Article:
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AW: st: RE: Goodness of fit measure akin to R-squared for 0-constant or noconstant


From   "Martin Weiss" <martin.weiss1@gmx.de>
To   <statalist@hsphsun2.harvard.edu>
Subject   AW: st: RE: Goodness of fit measure akin to R-squared for 0-constant or noconstant
Date   Fri, 24 Apr 2009 15:45:30 +0200

>> 

"0 growth of GDP should be on pure economic grounds equal 0 growth in
jewellery demand"


Just out of curiosity, and somewhat unrelated to Stata: Why is that, and
what kind of "pure economic ground" are you referring to (who inhabits this
ground)? Why could a country not stand still overall, and its rich
inhabitants still demand more jewellery? Maybe I am missing somthing very
fundamental, but Germany certainly stood almost still in the 1990s, and yet
you would not have been able to tell from the number of newly opened
jewellery shops. 

I do understand that a (closed) economy can only consume what it produces,
but why can the share of jewellery in the consumption mix not increase while
the overall sum of consumable output does not grow? Maybe this economy
invested a little less, and instead chose to live it up with jewellery?


HTH
Martin


-----Ursprüngliche Nachricht-----
Von: owner-statalist@hsphsun2.harvard.edu
[mailto:owner-statalist@hsphsun2.harvard.edu] Im Auftrag von Bas de Goei
Gesendet: Freitag, 24. April 2009 15:34
An: statalist@hsphsun2.harvard.edu
Betreff: Re: st: RE: Goodness of fit measure akin to R-squared for
0-constant or noconstant

oops...well, I should have been clearer indeed. You're right that it
is supposed to be growth of GDP predicting growth of Jewellery demand.

0 growth of GDP should be on pure economic grounds equal 0 growth in
jewellery demand, or at least never positive - the forecast resulting
from this corresponds very well with our expectations on where it
would sit amongst other countries.

Durbin Watson has been defined without intercept (as far as I
understand), but you'd have to use a different table for the upper and
lower bound. Please see here for a reference:

http://www.nd.edu/~wevans1/econ30331/Durbin_Watson_tables.pdf

I re-calculated R-squared with Kvalseth's preferred method (see
reference below: thanks Nick), which works fine for normal OLS without
a constant.

I am now trying to make it work with the AR(1) regression that results
from the Prais command in Stata. I have some problems with how to
treat the Rho in Kvalseths formula. Any ideas?



On Fri, Apr 24, 2009 at 1:10 PM, Nick Cox <n.j.cox@durham.ac.uk> wrote:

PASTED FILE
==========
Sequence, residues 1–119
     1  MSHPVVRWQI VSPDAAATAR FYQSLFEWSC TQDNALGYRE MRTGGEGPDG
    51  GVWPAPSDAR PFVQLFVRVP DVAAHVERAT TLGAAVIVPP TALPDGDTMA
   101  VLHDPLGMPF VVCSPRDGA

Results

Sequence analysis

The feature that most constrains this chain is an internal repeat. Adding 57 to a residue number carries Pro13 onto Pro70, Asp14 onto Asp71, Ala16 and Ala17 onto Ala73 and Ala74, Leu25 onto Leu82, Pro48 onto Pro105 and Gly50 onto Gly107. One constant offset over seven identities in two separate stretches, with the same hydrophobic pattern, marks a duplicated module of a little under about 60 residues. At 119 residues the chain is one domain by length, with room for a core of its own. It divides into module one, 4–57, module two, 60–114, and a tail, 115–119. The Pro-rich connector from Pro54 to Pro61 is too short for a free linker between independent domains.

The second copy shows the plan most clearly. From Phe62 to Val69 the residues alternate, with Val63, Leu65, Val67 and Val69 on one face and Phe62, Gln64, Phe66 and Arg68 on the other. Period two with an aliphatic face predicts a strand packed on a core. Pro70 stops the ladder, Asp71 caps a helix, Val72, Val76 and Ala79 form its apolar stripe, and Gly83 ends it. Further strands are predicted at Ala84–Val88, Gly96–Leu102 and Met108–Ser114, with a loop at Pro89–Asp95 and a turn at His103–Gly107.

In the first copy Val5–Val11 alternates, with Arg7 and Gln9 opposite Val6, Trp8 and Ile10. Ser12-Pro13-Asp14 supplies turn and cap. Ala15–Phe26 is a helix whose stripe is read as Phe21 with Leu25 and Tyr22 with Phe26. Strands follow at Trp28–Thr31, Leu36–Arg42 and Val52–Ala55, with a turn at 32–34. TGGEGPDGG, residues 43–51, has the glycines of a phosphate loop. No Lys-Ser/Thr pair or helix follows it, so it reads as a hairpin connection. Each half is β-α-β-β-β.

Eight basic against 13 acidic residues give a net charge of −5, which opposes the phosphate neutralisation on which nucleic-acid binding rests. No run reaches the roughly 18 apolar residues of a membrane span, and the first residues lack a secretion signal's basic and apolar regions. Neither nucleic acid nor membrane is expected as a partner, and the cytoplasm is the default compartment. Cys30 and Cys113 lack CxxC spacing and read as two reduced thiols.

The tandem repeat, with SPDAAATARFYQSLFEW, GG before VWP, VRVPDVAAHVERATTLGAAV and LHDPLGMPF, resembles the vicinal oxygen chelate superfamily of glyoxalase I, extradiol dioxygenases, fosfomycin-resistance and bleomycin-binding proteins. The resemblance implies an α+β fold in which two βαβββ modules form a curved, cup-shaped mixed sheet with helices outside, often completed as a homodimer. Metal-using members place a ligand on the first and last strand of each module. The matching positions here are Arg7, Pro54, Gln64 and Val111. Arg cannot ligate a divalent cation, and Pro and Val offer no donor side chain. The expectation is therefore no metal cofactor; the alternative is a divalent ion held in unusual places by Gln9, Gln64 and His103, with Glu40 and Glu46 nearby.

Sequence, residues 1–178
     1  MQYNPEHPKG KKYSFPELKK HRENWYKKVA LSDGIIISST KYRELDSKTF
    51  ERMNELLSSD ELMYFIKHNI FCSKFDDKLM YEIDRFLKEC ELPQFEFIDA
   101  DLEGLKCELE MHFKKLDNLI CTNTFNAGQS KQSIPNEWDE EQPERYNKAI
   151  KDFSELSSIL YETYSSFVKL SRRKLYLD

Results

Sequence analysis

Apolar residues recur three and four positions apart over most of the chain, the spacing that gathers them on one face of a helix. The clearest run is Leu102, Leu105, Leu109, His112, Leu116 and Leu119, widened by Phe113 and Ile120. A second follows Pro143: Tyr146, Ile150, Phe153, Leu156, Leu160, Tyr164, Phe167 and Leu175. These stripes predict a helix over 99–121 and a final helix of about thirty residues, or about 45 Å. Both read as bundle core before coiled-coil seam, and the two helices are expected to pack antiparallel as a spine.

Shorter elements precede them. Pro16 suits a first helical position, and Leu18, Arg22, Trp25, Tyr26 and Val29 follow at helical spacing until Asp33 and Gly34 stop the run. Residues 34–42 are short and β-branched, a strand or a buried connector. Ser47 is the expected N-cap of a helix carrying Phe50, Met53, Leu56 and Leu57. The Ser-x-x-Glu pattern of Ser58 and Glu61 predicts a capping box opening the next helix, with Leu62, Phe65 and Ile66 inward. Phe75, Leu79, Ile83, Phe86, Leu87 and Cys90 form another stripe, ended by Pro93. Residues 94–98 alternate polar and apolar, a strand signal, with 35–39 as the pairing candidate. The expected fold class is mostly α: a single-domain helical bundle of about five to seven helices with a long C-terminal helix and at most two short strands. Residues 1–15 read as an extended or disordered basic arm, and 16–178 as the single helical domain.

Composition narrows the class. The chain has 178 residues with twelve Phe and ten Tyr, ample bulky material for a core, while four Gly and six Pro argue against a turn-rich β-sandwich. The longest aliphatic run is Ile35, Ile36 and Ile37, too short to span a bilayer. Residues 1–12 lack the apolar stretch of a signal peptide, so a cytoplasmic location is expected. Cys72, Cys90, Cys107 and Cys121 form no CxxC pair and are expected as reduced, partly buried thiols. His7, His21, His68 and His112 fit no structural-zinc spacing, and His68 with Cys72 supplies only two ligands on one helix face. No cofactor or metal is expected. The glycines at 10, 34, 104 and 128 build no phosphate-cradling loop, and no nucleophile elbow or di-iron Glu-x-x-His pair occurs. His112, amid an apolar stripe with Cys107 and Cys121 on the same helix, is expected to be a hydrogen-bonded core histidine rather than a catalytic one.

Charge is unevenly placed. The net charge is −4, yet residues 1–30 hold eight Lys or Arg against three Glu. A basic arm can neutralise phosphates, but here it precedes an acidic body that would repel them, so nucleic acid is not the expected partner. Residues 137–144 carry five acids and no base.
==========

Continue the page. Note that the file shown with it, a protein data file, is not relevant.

> I don't understand the substantive reasoning here, as regressing GDP on
> demand for jewellery seems a backward way to predict the latter. Perhaps
> "on" has a differing meaning here. Or perhaps you mean GDP growth and
> jewellery demand growth: your posting appears contradictoru on this and
> in any case is not very clear to me.
>
> On general grounds the origin of zero GDP and zero jewellery demand
> would seem likely to be a long way away from the bulk of the data!
>
> On one very specific and one very general technical point:
>
> My recollection is that the Durbin-Watson test is only defined for a
> model with intercept, but I can't find chapter and verse for that
> possibly garbled memory.
>
> Although its title is not your exact question, the material in
>
> FAQ     . . . . . . . . . . . . . . . . . . . . . . . Do-it-yourself
> R-squared
>        . . . . . . . . . . . . . . . . . . . . . . . . . . . . . .  N.
> J. Cox
>        9/03    How can I get an R-squared value when a Stata command
>                does not supply one?
>                http://www.stata.com/support/faqs/stat/rsquared.html
>
> has much bearing on your situation.
>
> It pushes various simple ideas. Here's one: in many models, and yours
> seems to be among them, it is simple and natural to think of
>
> correlation between observed and predicted
>
> or its square as one measure of model merit. Naturally, _no_ single
> measure can ever tell the complete story.
>
> Nick
> n.j.cox@durham.ac.uk
>
> P.S. later contributions to this thread mentioned a paper without ever
> giving a proper full reference. Here it is:
>
> Kv{\aa}lseth, T.O. 1985. Cautionary note about $R^2$. American
> Statistician 39: 279-285.
>
> Bas de Goei
> ===========
>
> I am currently creating forecasts for jewellery demand in India by
> regressing GDP on demand for jewellery.
>
> Let me first give the required background:
> I have data going back to 1980. In a regression based on GDP over
> time, you obviously run into the problem of serial autocorrelation,
> though this is neccesarily a problem for a forecast, my boss wants
> "only regressions that pass Durbin Watson test".
>
> I really have two problems:
>
> The first is that the normal OLS regression result indicated a
> positive intercept. However, economically this would mean that even
> when there is no growth in GDP, there would still be growth in the
> demand for jewellery. Of course, there was the problem that the model
> did not pass the Durbin Watson test. Fitting the model with the GLS
> approach (the prais command in Stata), did improve the model, but it
> kept (as expected) the intercept positive.
>
> I decided to inspect the data more closely, and to drop two outliers
> from the data. The intercept under the Prais command is now still
> positive, but it has become insignificant. I decided that there is
> justification to re-run the regression with a 0 intercept. However,
> this balloons the F statistic and the R-squared. I now understand why
> that is, given the mathematics behind the R squared calculation.
>
> My question is, how would you calculate in Stata a "correct" or
> "alternative" R-squared, or a goodness of fit measure, which you can
> use to compare it to the model with a constant??
>
>
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